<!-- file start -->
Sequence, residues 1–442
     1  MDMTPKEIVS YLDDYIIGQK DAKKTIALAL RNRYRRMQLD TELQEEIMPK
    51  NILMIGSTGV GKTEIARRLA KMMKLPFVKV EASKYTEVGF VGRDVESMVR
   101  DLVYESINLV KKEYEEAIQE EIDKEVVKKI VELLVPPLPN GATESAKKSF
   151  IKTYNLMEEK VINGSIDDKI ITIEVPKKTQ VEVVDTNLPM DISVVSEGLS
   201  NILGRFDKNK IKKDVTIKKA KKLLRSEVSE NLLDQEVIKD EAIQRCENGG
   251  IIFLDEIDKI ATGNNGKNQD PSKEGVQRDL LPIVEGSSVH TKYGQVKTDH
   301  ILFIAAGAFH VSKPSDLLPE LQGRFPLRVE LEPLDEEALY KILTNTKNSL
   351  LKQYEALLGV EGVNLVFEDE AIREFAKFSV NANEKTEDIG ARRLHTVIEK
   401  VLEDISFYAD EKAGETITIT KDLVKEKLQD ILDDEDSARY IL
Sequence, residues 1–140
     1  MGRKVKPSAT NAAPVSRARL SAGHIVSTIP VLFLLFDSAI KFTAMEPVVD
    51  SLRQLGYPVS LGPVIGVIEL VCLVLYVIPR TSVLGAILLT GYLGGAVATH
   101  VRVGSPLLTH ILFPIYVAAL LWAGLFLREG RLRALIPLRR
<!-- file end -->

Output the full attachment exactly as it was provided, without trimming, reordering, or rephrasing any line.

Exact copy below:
Sequence, residues 1–442
     1  MDMTPKEIVS YLDDYIIGQK DAKKTIALAL RNRYRRMQLD TELQEEIMPK
    51  NILMIGSTGV GKTEIARRLA KMMKLPFVKV EASKYTEVGF VGRDVESMVR
   101  DLVYESINLV KKEYEEAIQE EIDKEVVKKI VELLVPPLPN GATESAKKSF
   151  IKTYNLMEEK VINGSIDDKI ITIEVPKKTQ VEVVDTNLPM DISVVSEGLS
   201  NILGRFDKNK IKKDVTIKKA KKLLRSEVSE NLLDQEVIKD EAIQRCENGG
   251  IIFLDEIDKI ATGNNGKNQD PSKEGVQRDL LPIVEGSSVH TKYGQVKTDH
   301  ILFIAAGAFH VSKPSDLLPE LQGRFPLRVE LEPLDEEALY KILTNTKNSL
   351  LKQYEALLGV EGVNLVFEDE AIREFAKFSV NANEKTEDIG ARRLHTVIEK
   401  VLEDISFYAD EKAGETITIT KDLVKEKLQD ILDDEDSARY IL
Sequence, residues 1–140
     1  MGRKVKPSAT NAAPVSRARL SAGHIVSTIP VLFLLFDSAI KFTAMEPVVD
    51  SLRQLGYPVS LGPVIGVIEL VCLVLYVIPR TSVLGAILLT GYLGGAVATH
   101  VRVGSPLLTH ILFPIYVAAL LWAGLFLREG RLRALIPLRR